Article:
There are plenty of places in the diagnostic process where things can go wrong. But radiology is a frequent source of medical error that is ripe for reform, according to a new report.
Coverys, a Boston-based medical liability insurer, reviewed more than 10,600 malpractice claims from between 2013 and 2017 and found that nearly 600 named a radiologist explicitly. These cases often related to significant patient harm and delayed diagnosis of serious conditions, according to the group’s report.
About 80% of claims involving radiology were related to misinterpretation of diagnostic reports, according to the study. There is a lot of variability in how different radiologists may read a report, which leaves the door wide open for a mistake, Robert Hanscom, vice president of business analytics at Coverys, said in an interview with FierceHealthcare.
“Radiology has done a lot over the last several years to try and see if they can become a safer discipline,” Hanscom said. “They need to continue to press on a number of fronts—they are still finding themselves very much connected to these poor outcomes.”
The report identifies several ways that radiology teams can address the risk of medical errors, including:
- Using clinical decision support
- Having a clear protocol for bringing in a second opinion on a reading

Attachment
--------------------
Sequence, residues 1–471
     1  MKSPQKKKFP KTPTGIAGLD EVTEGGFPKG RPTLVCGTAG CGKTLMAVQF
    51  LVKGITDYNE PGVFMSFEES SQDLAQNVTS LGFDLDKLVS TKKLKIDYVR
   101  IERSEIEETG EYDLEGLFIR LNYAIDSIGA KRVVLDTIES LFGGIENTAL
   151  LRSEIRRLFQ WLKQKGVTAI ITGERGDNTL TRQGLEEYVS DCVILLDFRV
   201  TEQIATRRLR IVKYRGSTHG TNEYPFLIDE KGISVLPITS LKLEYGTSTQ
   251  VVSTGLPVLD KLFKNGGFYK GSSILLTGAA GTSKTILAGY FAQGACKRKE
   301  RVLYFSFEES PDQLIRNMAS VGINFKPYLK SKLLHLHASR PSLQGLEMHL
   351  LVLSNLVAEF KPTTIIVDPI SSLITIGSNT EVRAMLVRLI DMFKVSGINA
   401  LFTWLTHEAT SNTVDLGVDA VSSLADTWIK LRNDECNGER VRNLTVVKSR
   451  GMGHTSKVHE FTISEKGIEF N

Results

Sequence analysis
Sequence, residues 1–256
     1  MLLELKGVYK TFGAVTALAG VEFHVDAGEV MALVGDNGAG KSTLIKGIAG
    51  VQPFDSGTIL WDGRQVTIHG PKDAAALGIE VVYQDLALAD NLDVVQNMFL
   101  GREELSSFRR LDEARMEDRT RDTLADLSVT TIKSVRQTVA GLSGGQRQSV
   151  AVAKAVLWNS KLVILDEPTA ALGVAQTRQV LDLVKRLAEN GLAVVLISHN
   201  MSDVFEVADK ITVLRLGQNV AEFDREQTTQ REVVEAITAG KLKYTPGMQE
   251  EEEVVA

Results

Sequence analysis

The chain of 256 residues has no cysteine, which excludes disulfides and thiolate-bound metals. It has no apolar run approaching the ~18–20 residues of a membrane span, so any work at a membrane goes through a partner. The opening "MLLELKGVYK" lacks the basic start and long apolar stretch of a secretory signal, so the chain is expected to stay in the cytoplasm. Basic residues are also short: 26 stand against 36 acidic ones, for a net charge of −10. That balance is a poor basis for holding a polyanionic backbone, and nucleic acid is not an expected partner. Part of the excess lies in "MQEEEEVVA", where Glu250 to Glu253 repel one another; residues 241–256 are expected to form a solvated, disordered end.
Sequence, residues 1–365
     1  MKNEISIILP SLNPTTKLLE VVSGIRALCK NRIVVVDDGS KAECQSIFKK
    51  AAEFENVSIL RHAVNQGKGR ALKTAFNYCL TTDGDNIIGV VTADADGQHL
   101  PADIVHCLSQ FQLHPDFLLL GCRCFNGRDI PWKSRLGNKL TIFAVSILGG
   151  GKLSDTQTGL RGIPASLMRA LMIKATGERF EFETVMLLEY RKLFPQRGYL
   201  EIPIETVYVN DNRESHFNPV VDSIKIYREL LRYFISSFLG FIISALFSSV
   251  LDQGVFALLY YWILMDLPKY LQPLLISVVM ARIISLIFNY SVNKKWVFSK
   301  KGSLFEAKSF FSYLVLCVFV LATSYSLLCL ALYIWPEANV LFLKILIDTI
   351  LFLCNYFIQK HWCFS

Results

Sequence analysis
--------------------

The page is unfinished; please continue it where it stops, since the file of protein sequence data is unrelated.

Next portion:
- Building templates for reports and using clear language in them
- Ensuring that incidental findings worthy of follow-up are highlighted so they aren’t missed
Peer review is a key strategy, Hanscom said, especially since the interpretation stage is the riskiest. Getting a second opinion can ensure that nothing on a test result is missed and can prevent communication gaps, such as getting crucial information to the physician that can best use it.
It doesn’t take much for one of these communications breakdowns to occur, Hanscom said. For example, if a patient were to undergo a chest x-ray in the emergency department that shows abnormal spotting, those results may not be taken care of if the only doctors who are made aware are in the ER. If that information doesn’t make it back to the primary care doctor or family doctor, that patient will learn too late that he or she has lung cancer.
Providers have begun to make strides on some of Coverys’ suggestions, however, Hanscom said. For example, many hospitals are building templates for radiology reports, he said—though the next step to really prevent patient harm would be to standardize those forms nationwide.
More providers are also working toward building clear guidelines on when second opinions are necessary, he said. But addressing the variability of interpretation still requires a lot of work.
“Radiology has to continue to really roll up their sleeves and figure out how they reduce that variation,” Hanscom said.